Rashi says that, Hashem is telling Moshe, not that He will harden Pharoah’s heart, rather, that He will allow him to harden his own heart, and fall into his own abyss of evil. And why does Hashem intend to do this? Rashi, brings verses which support his view that when the goyim act cruelly to us, Hashem uses them as scapegoats to reveal His great power, and glorify His just might through them. And the verse 19: 16 supports Rashi “I could have destroyed you entirely..but on account of this I have left you standing: in order to show you My power and so that My Name may be declared throughout the world” And we know ourselves from the story, that this is exactly what the Pesach story is.
The Rambam also lists Pharoah as an example of one beyond the hope of repentance, for he is so entrentched in his evil. On a deeper level, Rabbi Dessler explains, that our struggle to properly use our freewill is comparable to a battle. There may be many troops on each side, and the warring parties may have much depth, but the essence of the battle occurs on the front line. And when the front moves forward or back, the rest of the campaign follows suit.
So too with each of us – in each area of our life we have a specific area where we are challenged. For instance, to kill, and rob is well beneath most of us, and hardly a temptation. On the other side, never losing our patience with difficult people, not allowing forbidden speech to leave our lips, or to greet each person with an appropriate smile may be a tad beyond us in our current position. Thus Pharoah, was allowed to be overcome by his negative drive so much that it no longer was within his grasp to overcome it – in other words, his heart was hardened.
The Ramban initially offers a similar explanation then reverts to the basic reading of the verse, namely, not that Hashem gave Pharoah the liberty to destroy himself, but that Hashem really did interfere and harden his heart. But what about the all-sacred freewill?
Answers the Ramban, that Hashem’s interference was not to retract his freewill, but on the contrary, to retain it. How so? Rabbi Dessler elaborates, that Hashem will send us wake up calls to do tshuva (improve our ways), and sometimes these taps on the shoulder can come in a most unpleasant form. (An interesting hint to this is found in the Holy tongue – that the word for ‘awaken/become aware is an Ayin then a Reish, in reverse this spells evil or bad. In other words what from the gound up is experienced by us as seemingly negative is viewed from the sender’s perspective above as a wake up call.)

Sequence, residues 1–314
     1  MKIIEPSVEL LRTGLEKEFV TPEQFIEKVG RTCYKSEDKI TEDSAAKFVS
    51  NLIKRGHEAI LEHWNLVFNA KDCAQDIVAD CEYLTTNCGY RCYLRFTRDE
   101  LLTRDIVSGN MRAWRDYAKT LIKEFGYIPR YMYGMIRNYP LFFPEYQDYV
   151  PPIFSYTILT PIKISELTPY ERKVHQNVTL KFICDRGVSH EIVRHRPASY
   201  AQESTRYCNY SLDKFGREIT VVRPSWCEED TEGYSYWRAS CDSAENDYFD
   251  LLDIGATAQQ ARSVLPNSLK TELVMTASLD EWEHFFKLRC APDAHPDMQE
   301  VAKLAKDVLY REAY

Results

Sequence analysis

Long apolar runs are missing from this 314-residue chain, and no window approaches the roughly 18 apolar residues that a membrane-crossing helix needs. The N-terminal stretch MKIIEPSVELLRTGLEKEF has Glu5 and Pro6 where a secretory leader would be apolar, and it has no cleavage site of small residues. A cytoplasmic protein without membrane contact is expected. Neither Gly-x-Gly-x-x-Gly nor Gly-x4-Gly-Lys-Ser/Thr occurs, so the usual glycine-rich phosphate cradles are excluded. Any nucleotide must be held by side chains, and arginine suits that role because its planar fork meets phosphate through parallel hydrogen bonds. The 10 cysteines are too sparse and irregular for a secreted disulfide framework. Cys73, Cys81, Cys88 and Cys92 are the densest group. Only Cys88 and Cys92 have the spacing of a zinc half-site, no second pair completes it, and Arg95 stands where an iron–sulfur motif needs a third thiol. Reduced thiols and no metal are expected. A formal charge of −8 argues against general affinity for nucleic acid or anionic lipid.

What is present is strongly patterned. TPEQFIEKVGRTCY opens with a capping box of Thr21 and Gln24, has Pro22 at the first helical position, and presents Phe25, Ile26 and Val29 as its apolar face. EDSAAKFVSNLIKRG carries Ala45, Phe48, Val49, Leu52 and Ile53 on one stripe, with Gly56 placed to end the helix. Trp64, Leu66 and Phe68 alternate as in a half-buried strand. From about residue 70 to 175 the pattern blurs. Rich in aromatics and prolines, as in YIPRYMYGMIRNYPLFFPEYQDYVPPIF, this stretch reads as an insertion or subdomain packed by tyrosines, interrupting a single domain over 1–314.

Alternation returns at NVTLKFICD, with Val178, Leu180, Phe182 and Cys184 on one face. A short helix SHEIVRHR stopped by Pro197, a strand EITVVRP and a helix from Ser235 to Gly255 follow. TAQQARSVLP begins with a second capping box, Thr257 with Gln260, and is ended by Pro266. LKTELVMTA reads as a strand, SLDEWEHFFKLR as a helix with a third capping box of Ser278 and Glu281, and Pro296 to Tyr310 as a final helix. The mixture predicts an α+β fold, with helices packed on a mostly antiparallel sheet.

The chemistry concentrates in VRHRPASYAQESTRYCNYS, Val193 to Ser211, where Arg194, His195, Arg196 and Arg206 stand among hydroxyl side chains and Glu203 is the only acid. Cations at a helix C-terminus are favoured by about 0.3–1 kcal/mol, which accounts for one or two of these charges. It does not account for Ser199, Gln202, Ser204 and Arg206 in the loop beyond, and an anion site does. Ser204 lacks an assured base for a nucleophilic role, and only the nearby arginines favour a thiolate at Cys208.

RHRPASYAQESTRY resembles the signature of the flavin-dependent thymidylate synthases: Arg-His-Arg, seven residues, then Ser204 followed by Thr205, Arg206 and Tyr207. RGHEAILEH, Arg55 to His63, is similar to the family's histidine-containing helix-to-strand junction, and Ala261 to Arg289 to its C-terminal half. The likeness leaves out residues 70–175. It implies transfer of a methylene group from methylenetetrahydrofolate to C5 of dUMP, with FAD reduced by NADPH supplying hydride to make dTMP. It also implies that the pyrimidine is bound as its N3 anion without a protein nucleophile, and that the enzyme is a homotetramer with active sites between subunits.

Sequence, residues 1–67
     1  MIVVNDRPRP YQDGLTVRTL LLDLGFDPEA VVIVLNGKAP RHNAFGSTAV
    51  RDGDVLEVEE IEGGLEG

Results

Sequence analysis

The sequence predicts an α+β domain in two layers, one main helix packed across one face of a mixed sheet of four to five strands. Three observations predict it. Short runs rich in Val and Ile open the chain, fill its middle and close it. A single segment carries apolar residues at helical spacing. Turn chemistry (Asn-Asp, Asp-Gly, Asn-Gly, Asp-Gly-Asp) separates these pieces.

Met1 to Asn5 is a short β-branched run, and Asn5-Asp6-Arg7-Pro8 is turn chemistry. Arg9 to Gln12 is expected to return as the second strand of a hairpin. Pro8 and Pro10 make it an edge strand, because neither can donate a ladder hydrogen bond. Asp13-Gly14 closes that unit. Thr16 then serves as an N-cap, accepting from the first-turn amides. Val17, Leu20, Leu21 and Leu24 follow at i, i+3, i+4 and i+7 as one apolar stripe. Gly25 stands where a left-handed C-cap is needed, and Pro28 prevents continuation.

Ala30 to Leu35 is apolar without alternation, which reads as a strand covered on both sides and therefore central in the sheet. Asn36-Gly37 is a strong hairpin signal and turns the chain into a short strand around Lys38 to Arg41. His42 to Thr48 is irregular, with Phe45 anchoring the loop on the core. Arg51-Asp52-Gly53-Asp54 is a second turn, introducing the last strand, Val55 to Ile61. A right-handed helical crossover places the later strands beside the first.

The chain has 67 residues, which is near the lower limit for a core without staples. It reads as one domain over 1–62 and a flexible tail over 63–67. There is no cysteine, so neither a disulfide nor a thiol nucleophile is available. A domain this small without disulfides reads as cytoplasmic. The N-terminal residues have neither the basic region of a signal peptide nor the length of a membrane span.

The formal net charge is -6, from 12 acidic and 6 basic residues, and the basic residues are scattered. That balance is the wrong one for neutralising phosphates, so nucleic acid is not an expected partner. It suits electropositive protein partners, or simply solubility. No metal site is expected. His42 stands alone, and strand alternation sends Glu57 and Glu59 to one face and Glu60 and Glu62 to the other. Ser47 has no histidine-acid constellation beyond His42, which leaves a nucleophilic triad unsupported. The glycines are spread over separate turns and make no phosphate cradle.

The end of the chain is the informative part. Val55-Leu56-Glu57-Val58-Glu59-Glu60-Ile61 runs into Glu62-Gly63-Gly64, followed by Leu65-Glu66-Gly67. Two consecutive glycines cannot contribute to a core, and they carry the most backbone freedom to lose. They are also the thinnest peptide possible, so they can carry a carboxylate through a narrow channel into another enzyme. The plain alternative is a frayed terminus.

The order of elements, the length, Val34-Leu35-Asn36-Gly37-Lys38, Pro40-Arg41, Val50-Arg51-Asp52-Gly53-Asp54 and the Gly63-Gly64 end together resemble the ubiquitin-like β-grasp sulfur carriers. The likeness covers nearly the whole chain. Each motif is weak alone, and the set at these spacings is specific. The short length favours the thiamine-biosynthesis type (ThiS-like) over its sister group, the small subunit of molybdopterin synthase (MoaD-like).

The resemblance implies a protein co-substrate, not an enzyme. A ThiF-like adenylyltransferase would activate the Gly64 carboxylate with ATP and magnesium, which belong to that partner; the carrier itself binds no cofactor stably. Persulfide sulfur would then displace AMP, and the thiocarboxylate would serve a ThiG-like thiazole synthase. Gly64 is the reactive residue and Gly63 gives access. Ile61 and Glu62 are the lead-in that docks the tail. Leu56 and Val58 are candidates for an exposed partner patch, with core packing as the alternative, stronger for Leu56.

The tricky balance that Hashem must find when tapping us on the shoulder, is not to take away our freewill in the process. It is very easy for one in a position of power to strong arm others to heed to his wishes – this happens amongst friends, marriages, work environments, etc. In some cases the persuader has no interest in maintaining the freewill of the recipient, but when the influencer has the self-actualization of the other at heart, such as parents to children, and of course, the Creator to His creation, then the persuasion must not be too overwhelming.
This was the concern with Pharoah. Since the plagues were so brutal, and their consequences overwhelming, coupled with a fierce social pressure from the Egyptian nation at large, Pharoah’s arm was being twisted until he couldn’t help but to cry out surrender. Thus Hashem had to rebalance the scales by giving Pharoah the wherewithal (as my parents would say – the intestinal fortitude, a.k.a. guts) to maintain an independent capacity to make a decision from his own heart. That how the Ramban explains ‘and I will harden his heart.>
Let us all try to learn from our negative role models as well as our positive ones. We all have a precious treasure called freewill, and we can accomplish wonders with it if we use it well, the world and its fullness can be ours, and we can make ourselves as angels, or at least great righteous people walking on the earth. Let us not harden our hearts like Pharoah, but strengthen them to compel us to strive ever higher, especially by learning from the good in others, or our forefathers. Let us all try to be awake and responsive to all the notes and taps that heaven send to us, and rise to the call.
Wishing you a lovely shabbos,
-Beth Shifra Crew